Why I don’t own an octopus


The title of this article is terribly misleading: “The Octopus that can open drink bottles”. I was thinking it would be so cool to have an octopus on your shoulder, and you hold up your beer bottle, and he reaches out an arm and twists the top off for you. And then you read a little further and discover that the little smart-aleck will only do it if you open it first and put some octopus food inside for it. I wouldn’t mind a bit of shrimp or crab bobbing about in my beer, but having to open the bottle first to put it in there defeats the whole purpose of carrying a bottle-opening octopus around with you.

I thought maybe I’d just have to train the octopus to like beer … but then I’d have to share, and just my luck I’d probably get an eight-armed lush. Having a clever beast around who’d probably figure out how to open the refrigerator and then crawls in and drinks all your beer seems like a bad idea.


  1. tony says

    Sounds like my college roommates (similar number of arms – similar propensity for beer not their own) ;-)

  2. MikeM says

    I was watching this really dumb TV program about martial arts, where they examine some Korean custom of eating live octopi. That struck me as being a really bad idea.

    The octopus will fight back in a really big way.

    Quite disturbing…

  3. says

    Koreans do eat live octopus – but in every case I saw when I lived in Korea they were sliced into bite-sized pieces just before the eating. Makes it easier to dip the pieces into the sauce with a pair of chopsticks.

    Of course, the tentacles still hold on inside the cheek!

    Personally, I favored the flattened, dried Squid jerky.

  4. commissarjs says

    Several years ago I was in a pet store specializing in salt water fish. They happened to have an octupus in one of the tanks. It was inside a fish carrier with a rock holding the door closed on it. As I watched the Octopus was pushing with all his strength to open that door.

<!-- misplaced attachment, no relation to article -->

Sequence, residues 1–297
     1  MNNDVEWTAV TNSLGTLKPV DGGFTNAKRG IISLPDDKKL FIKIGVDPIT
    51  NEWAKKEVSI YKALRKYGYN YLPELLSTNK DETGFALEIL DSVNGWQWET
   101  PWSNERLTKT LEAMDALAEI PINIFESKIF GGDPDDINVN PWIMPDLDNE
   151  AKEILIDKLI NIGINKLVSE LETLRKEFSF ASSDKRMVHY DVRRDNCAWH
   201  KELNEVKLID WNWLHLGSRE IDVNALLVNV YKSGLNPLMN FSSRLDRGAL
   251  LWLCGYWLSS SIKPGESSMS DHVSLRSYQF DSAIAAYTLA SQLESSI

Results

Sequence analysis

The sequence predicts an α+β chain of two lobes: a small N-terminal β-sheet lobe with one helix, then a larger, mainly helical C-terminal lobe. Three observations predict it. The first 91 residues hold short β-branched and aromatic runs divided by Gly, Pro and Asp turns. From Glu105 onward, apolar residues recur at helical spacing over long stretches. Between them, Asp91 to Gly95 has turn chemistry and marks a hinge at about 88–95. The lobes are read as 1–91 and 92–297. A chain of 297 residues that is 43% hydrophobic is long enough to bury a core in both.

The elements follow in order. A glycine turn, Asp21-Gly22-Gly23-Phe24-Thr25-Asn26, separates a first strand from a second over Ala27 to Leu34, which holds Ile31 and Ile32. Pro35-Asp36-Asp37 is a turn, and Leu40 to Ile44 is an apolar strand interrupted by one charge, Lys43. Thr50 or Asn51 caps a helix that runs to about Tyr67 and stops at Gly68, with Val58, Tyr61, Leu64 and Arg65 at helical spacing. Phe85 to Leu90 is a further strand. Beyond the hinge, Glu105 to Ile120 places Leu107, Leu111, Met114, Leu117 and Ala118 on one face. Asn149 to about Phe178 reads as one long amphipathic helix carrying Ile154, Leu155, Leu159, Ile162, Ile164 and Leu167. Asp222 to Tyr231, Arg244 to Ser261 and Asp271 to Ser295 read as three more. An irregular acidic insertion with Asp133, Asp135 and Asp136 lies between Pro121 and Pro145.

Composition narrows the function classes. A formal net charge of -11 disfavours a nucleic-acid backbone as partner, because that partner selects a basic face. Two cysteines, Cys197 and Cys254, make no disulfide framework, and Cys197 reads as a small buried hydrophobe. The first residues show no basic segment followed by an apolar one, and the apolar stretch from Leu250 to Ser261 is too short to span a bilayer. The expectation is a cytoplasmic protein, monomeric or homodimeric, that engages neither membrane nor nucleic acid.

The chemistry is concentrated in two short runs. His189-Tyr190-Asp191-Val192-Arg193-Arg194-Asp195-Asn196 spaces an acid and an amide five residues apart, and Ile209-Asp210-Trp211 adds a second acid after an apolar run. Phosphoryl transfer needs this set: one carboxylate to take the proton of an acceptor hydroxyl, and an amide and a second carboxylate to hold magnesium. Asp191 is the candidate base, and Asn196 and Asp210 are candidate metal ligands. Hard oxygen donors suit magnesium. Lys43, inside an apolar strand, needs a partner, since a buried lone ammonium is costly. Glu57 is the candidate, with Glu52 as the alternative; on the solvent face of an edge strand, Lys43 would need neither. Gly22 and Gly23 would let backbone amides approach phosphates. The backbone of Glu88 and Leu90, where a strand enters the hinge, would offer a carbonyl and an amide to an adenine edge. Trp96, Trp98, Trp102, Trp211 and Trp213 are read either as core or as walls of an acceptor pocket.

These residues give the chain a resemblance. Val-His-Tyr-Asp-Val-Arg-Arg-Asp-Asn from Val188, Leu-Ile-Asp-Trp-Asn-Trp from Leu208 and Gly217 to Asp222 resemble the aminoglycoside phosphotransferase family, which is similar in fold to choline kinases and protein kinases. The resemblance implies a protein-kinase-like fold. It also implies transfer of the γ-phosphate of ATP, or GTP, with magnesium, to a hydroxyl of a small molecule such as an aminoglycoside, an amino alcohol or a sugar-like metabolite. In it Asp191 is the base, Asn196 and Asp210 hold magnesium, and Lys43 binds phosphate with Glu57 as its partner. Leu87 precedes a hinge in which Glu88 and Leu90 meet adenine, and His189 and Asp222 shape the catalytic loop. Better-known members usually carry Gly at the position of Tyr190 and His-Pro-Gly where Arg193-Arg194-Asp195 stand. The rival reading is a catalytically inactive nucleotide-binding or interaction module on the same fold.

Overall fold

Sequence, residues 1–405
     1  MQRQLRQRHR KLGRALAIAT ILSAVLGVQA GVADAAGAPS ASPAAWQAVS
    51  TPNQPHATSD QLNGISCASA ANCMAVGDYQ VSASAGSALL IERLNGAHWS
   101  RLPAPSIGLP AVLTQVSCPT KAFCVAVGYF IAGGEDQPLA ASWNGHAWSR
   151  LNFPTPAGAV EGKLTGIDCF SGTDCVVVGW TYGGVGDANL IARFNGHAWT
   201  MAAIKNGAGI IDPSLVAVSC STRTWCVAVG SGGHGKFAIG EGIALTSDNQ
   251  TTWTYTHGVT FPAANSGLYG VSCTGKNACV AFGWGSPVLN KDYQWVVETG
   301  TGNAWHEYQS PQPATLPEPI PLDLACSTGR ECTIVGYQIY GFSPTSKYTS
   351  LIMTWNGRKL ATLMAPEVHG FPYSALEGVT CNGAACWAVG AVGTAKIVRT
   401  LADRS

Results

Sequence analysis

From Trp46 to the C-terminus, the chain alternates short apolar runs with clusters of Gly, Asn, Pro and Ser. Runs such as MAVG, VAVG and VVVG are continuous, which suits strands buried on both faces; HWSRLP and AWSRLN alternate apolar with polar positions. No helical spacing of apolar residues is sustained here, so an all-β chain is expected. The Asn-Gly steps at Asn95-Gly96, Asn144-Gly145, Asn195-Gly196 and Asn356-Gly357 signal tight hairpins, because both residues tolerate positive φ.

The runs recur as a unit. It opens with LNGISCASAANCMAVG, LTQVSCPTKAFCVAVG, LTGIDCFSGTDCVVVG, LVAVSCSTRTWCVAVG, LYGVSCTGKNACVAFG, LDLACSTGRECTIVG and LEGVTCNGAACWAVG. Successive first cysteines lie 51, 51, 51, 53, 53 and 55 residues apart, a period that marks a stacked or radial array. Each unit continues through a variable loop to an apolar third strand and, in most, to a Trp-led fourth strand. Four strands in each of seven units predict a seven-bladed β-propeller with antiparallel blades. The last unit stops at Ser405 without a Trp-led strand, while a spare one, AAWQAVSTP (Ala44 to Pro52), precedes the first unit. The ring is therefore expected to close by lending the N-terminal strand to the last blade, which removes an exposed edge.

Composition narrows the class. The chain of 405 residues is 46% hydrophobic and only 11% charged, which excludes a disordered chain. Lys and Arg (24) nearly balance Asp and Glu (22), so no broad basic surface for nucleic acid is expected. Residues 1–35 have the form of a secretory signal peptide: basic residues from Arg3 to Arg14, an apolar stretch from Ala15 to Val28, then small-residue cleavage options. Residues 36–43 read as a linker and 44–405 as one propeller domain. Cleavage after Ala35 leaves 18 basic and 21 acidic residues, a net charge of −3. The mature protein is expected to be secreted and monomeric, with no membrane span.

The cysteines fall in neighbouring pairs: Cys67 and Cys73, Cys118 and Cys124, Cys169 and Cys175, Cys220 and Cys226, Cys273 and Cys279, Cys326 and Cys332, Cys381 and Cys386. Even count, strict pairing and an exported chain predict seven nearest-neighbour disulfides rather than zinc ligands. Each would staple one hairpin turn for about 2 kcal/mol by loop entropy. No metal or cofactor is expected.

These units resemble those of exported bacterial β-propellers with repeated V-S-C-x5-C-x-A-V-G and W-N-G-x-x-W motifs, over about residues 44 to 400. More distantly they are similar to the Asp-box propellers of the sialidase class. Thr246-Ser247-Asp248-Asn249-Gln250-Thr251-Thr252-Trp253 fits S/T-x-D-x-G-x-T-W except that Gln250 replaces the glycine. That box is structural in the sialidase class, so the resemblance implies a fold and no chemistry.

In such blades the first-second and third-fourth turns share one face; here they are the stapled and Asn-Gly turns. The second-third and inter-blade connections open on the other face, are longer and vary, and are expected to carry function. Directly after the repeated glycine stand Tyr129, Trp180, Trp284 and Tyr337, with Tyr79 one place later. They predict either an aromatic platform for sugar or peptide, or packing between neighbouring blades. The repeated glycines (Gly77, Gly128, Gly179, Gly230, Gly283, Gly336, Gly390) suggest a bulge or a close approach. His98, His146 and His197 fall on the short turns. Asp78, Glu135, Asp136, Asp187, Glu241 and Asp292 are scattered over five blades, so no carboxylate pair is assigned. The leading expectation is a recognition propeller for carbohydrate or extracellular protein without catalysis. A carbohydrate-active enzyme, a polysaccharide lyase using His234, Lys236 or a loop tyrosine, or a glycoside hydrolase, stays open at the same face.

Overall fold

I’m not sure if he wanted to escape or just get loose to eat the tastey fish. I asked one of the employees about that. He said that they had to do that or they would never be able to keep it contained. If they didn’t keep it in a fish carrier it would eat the other fish and crawl from tank to tank, one had even managed to crawl down into their live rock tank and hide there. If they didn’t keep a rock on the door it would open the door and escape.

    It always struck me as strange to keep something that smart in an aquarium.

  5. rrt says

    I think you’re missing a business opportunity here, PZ. After all, if mezcal comes with a worm in the bottle…

  6. chaos_engineer says

    Well, that doesn’t have to be an obstacle. You ought to be able to use intermittent positive reinforcement. As long as some of the bottles have crab in them, the octopus should be opening (and discarding) the bottles that just have beer.

    The real problem I saw in the article is that it takes 2 1/2 minutes to open the bottle. I mean, *I* can open bottles faster than that. Hmmmph. Stupid octopodes.

  7. says